Help with identifying students who may be ready for advanced racial equity training

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Help with identifying students who may be ready for advanced racial equity training

Q: We require all our students that work or do volunteer service work with youth to complete a day-long racial equity workshop. It’s a 101-level experience, but how do I gauge and identify students that are ready for a 201?

A: I’m delighted you want to do a next level.

This could be racial affinity groups; it could be a 201 level or even a 1.5 bridge.  I’m thinking this next level would really look at white privilege, the common dynamics of racism and also maybe some internalized dominance and internalized racism, and empowerment for both people of color and white folks to practice how to speak up and interrupt racist dynamics.

First, set the context of what you’re planning to do in the next level, E.G.

In the next workshop, we are going to be doing racial affinity groups. In the white affinity space, we’re going to talk honestly about the daily racist dynamics that happen, when we have had racist attitudes and behaviors ourselves, and ways we can interrupt them in us and other whites BEFORE we negatively impact people of color. And in the people of color space, we’re going to talk about the daily grind of racism in our lives and then how do we support each other and how might we want to speak up or at least seek support to address the racist dynamics we’re experiencing.

A few ideas for identifying students who are ready for this next level of work:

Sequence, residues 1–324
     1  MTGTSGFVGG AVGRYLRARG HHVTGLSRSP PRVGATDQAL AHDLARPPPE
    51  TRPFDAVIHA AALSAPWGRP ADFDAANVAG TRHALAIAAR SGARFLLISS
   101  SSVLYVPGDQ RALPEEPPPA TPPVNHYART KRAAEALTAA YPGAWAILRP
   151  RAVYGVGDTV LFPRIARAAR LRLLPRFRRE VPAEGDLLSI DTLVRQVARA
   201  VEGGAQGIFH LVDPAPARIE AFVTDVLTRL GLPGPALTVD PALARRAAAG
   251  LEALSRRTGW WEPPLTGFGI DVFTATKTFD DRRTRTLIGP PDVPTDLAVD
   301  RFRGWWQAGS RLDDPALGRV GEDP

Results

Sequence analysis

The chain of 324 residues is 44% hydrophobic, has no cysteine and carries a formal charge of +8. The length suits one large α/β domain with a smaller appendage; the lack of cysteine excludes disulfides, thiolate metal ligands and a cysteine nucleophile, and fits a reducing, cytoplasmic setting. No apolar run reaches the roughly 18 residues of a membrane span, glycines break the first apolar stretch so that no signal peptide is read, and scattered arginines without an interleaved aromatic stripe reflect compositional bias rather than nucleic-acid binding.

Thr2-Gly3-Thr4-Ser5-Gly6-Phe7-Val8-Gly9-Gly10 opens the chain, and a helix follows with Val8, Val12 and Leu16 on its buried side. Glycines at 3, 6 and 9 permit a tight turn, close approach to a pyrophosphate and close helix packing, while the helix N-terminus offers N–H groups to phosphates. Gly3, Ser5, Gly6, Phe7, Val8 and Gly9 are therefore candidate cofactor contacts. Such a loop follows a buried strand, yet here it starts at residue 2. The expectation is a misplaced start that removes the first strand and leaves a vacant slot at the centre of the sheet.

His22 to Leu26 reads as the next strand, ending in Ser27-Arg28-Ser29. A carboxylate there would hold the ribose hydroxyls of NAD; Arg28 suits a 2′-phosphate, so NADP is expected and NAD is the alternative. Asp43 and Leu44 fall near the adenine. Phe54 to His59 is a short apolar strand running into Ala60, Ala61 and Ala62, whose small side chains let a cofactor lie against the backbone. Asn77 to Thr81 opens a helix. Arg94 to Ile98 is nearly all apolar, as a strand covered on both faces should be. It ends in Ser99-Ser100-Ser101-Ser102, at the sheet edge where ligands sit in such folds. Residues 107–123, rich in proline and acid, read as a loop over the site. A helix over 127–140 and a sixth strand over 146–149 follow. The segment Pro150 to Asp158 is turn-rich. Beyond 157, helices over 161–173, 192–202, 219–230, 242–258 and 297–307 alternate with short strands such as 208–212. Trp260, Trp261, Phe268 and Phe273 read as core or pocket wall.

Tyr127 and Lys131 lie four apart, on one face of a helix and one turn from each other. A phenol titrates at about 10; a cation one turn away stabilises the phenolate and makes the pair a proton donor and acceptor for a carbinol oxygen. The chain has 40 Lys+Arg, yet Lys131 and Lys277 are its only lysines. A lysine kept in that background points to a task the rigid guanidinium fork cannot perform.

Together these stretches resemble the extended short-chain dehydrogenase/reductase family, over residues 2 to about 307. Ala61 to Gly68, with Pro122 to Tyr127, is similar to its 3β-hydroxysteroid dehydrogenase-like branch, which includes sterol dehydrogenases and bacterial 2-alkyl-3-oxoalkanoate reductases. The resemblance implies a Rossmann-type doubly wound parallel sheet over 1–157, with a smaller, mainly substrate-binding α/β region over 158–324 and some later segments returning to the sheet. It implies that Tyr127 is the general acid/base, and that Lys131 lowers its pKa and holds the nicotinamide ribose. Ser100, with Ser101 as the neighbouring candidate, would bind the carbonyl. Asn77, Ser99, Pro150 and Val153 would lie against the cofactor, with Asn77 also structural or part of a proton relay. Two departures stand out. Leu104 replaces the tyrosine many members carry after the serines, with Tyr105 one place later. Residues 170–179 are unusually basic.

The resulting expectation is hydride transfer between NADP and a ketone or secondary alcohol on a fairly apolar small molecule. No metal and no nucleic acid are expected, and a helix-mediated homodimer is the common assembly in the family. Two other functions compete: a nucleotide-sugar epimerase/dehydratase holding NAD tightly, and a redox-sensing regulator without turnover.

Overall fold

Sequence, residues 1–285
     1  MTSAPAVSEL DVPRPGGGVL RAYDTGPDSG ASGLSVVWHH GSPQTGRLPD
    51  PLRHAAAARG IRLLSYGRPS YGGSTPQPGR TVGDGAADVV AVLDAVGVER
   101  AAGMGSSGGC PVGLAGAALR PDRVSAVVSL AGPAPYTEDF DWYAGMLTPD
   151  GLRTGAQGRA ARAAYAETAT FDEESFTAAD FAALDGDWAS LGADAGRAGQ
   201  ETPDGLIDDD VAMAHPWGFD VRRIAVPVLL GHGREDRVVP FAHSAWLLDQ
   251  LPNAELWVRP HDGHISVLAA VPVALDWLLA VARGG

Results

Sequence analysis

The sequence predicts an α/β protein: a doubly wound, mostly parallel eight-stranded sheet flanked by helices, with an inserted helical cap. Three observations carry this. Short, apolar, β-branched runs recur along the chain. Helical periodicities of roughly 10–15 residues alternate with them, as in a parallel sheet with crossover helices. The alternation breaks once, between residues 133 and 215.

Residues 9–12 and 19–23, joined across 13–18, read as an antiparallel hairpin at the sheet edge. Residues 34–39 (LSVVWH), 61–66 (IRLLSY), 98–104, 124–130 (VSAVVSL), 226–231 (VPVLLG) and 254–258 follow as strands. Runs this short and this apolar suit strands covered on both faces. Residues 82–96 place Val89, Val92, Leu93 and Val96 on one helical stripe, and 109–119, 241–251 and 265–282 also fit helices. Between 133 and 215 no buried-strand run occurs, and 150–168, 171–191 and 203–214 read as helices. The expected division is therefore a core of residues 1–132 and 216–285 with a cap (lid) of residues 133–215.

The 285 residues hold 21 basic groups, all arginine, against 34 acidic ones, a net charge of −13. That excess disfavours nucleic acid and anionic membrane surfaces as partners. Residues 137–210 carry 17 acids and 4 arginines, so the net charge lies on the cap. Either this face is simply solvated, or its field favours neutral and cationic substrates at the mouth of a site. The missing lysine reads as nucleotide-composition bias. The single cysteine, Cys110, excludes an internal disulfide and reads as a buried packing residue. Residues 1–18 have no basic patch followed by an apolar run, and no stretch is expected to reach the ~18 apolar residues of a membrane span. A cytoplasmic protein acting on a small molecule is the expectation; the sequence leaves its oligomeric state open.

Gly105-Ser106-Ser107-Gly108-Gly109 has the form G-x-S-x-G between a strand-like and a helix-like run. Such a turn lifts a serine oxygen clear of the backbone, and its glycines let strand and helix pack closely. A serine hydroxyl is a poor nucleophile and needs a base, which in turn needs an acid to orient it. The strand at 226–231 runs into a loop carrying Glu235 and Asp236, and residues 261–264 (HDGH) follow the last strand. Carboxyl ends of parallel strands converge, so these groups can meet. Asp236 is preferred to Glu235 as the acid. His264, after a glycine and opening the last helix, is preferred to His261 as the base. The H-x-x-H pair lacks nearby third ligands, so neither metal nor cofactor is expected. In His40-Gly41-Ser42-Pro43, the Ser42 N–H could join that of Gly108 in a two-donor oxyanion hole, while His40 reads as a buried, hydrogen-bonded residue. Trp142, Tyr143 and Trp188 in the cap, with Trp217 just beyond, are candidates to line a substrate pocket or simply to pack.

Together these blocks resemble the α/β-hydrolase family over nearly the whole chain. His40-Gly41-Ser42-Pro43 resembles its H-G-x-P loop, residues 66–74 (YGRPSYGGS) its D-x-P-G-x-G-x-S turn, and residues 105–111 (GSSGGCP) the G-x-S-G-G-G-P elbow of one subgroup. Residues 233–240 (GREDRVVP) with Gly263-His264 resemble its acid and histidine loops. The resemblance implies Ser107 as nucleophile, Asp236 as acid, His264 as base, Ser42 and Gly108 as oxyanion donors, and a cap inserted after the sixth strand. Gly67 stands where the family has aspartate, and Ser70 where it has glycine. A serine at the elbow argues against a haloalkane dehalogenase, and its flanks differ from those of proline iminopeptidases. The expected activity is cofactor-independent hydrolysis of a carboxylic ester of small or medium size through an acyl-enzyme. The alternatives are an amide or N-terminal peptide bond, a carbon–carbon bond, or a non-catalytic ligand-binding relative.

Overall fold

Self-assessment. Offer the type of skills and activities that you are looking to develop and have them use a 0 to 10 scale to reflect, not at all ready, completely ready and not at all willing, totally willing.

Continuum.  List these on a chart and have participants make tick marks or add stickers to where they are, and you’ll get a sense of the readiness/willingness among the room. And then you could ask those who scored themselves higher to opt in to a “next level”

Scenarios. Create some realistic scenarios of things that happen when students are out partnering with community members to dismantle oppression and create liberation. Have them write out their “what would you do” answers. It could be an activity in your 101 or in the evaluation.  Those whose ideas and responses seem more advanced can be invited to the next level of training.

You could put all these on a worksheet and anonymously have people write out what they might say and then have each worksheet with a number on it or a symbol and then you review the responses and send out an email that says, “You’ve been identified as someone who’s interested and willing”.

Ask different supervisors, advisors to review the workshop list of participants and anybody else they work with and suggest who they think might be ready based on your learning outcomes. NOTE: advisors and supervisors may not even be ready for the 101 session, so they may not understand enough to recommend, but it’s another way for you to get a few more names to consider.

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